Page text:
And then there’s me—the second Muslim in our group of two Muslims, two Christians, and two Jews. I have a blurb on the IIE page as well, which I will expand upon in the posts to follow.
Oman: first observations & thoughts
When we entered the airport on Sunday night, it was quite empty. There were a few Omani men, identifiable by their traditional garb, as well as some Westerners, but the vast majority of the other arrivals were South Asians—especially in the line for extended visas (Gulf countries have a reputation for bringing in tons of migrant workers, particularly from Asia). The first woman I saw was one Omani working the currency exchange counter, and her hair was loosely half-covered by a colorful scarf. Oman actually has no laws dictating female dress, but Omanis tend to be religious, so most women cover their heads, and many wear abayas—but it’s not a requirement, and foreigners generally dress modestly out of respect for cultural norms.
We left the terminal area to meet Maggie Jeans, our liaison (I don’t know what else to call it; she did the kind service of accompanying us during our time in the country, showing us around, and introducing us to various people) for the trip, a British expat who has lived with her husband in Oman for over 20 years now. There were far more people in this part of the airport, and again, countless South Asians—and there weren’t many women there either, except for some South Asian women and their families. It was kind of strange, because I expected to arrive in the country and see more Omani nationals, but it reflected the reality that is the influx of Asian migrants working in the region.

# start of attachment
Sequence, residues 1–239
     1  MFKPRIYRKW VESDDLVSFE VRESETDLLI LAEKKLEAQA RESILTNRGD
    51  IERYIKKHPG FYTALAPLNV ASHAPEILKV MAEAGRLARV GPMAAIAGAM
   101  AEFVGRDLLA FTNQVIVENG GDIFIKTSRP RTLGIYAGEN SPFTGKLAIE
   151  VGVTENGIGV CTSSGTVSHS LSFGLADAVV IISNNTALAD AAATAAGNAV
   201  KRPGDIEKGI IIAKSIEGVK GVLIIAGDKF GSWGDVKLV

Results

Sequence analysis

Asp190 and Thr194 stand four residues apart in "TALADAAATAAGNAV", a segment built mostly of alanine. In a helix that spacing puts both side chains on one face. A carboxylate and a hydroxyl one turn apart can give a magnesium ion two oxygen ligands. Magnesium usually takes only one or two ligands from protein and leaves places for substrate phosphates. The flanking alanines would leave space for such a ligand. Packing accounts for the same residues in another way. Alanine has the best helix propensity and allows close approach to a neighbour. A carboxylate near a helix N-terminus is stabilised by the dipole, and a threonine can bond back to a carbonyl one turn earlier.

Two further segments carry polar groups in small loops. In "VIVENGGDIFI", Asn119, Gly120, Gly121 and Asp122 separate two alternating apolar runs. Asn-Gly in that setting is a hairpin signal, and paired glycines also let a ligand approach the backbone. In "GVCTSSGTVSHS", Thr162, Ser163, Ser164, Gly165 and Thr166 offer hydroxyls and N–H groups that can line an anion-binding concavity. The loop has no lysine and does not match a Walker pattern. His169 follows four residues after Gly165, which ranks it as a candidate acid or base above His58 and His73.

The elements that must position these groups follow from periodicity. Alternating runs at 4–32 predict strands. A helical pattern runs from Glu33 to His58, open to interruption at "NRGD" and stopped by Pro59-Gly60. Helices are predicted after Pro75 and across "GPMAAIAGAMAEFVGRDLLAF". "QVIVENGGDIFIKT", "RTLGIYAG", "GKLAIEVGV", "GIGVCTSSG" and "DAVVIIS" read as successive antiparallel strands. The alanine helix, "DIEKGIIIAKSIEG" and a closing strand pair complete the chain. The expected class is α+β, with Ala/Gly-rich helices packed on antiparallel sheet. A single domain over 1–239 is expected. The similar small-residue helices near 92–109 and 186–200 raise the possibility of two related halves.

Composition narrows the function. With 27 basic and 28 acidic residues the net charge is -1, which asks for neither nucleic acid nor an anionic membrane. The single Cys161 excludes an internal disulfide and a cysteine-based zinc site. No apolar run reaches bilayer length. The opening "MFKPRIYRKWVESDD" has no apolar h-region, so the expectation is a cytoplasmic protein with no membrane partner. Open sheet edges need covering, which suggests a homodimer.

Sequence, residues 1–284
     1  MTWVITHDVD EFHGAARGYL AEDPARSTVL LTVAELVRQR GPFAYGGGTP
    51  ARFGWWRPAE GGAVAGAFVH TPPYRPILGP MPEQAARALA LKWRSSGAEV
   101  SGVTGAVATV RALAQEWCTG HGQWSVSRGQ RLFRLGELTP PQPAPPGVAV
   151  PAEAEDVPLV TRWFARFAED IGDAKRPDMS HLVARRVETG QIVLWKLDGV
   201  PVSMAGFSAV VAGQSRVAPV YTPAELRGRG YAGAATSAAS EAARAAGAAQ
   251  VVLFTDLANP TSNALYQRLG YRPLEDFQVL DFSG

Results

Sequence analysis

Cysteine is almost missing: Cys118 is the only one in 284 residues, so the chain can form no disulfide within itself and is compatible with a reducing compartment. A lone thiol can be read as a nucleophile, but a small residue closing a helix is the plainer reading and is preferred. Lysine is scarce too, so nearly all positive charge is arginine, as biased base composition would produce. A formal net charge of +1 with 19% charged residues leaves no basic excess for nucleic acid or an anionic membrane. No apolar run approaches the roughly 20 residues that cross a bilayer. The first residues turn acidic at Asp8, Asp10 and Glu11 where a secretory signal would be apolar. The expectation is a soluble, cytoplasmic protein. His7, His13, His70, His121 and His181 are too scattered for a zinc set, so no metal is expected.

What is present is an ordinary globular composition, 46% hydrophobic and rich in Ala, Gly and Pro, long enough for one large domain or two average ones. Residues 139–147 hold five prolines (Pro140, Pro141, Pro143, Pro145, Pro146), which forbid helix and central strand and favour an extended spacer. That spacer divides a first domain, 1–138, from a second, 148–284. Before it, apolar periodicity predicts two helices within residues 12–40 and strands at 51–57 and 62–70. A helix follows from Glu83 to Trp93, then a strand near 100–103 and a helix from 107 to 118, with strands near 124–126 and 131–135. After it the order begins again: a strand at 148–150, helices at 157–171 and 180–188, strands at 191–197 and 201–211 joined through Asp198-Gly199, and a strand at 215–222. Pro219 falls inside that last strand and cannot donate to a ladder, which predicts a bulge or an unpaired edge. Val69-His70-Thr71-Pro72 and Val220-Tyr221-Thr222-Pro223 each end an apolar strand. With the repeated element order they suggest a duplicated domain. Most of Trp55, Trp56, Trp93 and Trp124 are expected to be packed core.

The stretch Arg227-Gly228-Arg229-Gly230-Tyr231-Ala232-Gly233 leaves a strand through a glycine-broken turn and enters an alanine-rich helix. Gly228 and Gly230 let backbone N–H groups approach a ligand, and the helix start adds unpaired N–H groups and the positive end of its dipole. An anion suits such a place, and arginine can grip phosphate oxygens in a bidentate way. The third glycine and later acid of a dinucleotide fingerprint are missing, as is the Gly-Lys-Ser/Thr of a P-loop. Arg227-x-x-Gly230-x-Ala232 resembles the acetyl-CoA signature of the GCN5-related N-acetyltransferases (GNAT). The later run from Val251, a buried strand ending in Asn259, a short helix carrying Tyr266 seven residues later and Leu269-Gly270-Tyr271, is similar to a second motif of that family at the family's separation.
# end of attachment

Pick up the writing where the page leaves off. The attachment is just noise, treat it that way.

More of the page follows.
When we left the airport, we were enveloped by warm, humid air unlike anything I’ve ever felt before. There’s the high temperatures in the Gulf, yes, but the humidity where we stayed in Oman was almost always at or around 100%, and whenever I’d walk outside, my glasses would immediately fog up. I salute those who live here or have moved here and can endure it. This random rant might seem pretty pointless, but the weather was a pretty pervasive experience, and if you ever plan on traveling to the area, you need to plan for it.
We walked outside and saw that the airport actually had its own mosque, adorned with the Arabic words masjid al-maTaar (mosque of the airport). Maggie, the girls, and I hopped into a cab and headed to our hotel, the Al-Qurum Resort. On the drive through Muscat, I saw what really just looked a lot like Florida, but with Arab architecture—highways and roads filled with nice cars, lights everywhere, tons of commercial activity and American restaurant chains, with some palm trees sprinkled in between. I realized that I had never really considered what the Omani economic modernization I’d heard about would actually look like—my mom’s seen pictures of Tel Aviv, Israel and said it looks exactly like Karachi, Pakistan, so it’s not like all major cities merge to a certain image. But the Muscat I saw really just reminded me of beach towns in Florida, but with Omani culture still prevalent on the streets and in people’s lives. Looking back, I think that Muscat was a good example of how economic modernization doesn’t necessarily erode local culture—a modern, lively city in the Arab world does not have to be like Dubai.
Somehow I managed to avoid jet lag, so once we got to the hotel, I crashed immediately. A big day was ahead—visiting the Grand Mosque, meeting with various officials and scholars, going to the souq (market), etc.—so, quickly, I was confronted with the reality that I would not be blogging every night (or any night) during my trip. I still hate the delay and trying to consolidate everything months later, but ultimately I can now write each post with the benefit of hindsight, including the additional insights that came from discussing the trip with family and friends. And each day brought so much to soak in, so I’m glad I spent it doing exactly that—rather than writing away in my hotel room and being exhausted the next morning. So here it goes.